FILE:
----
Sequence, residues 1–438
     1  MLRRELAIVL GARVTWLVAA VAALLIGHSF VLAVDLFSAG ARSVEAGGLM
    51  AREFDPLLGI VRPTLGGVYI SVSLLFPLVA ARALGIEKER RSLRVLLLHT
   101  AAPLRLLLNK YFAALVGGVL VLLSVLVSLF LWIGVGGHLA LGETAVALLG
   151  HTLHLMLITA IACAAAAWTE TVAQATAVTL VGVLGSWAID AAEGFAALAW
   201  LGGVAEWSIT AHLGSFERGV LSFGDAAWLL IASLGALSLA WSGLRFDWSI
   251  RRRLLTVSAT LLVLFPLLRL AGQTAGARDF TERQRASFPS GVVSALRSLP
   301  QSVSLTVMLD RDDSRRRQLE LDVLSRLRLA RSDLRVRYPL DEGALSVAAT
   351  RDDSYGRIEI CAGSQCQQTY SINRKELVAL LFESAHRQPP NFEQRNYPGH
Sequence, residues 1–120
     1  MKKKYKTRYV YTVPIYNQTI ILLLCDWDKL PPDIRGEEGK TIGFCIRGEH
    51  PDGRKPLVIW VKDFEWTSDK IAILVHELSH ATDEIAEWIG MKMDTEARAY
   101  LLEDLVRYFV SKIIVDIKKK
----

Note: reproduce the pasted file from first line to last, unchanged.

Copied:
Sequence, residues 1–438
     1  MLRRELAIVL GARVTWLVAA VAALLIGHSF VLAVDLFSAG ARSVEAGGLM
    51  AREFDPLLGI VRPTLGGVYI SVSLLFPLVA ARALGIEKER RSLRVLLLHT
   101  AAPLRLLLNK YFAALVGGVL VLLSVLVSLF LWIGVGGHLA LGETAVALLG
   151  HTLHLMLITA IACAAAAWTE TVAQATAVTL VGVLGSWAID AAEGFAALAW
   201  LGGVAEWSIT AHLGSFERGV LSFGDAAWLL IASLGALSLA WSGLRFDWSI
   251  RRRLLTVSAT LLVLFPLLRL AGQTAGARDF TERQRASFPS GVVSALRSLP
   301  QSVSLTVMLD RDDSRRRQLE LDVLSRLRLA RSDLRVRYPL DEGALSVAAT
   351  RDDSYGRIEI CAGSQCQQTY SINRKELVAL LFESAHRQPP NFEQRNYPGH
Sequence, residues 1–120
     1  MKKKYKTRYV YTVPIYNQTI ILLLCDWDKL PPDIRGEEGK TIGFCIRGEH
    51  PDGRKPLVIW VKDFEWTSDK IAILVHELSH ATDEIAEWIG MKMDTEARAY
   101  LLEDLVRYFV SKIIVDIKKK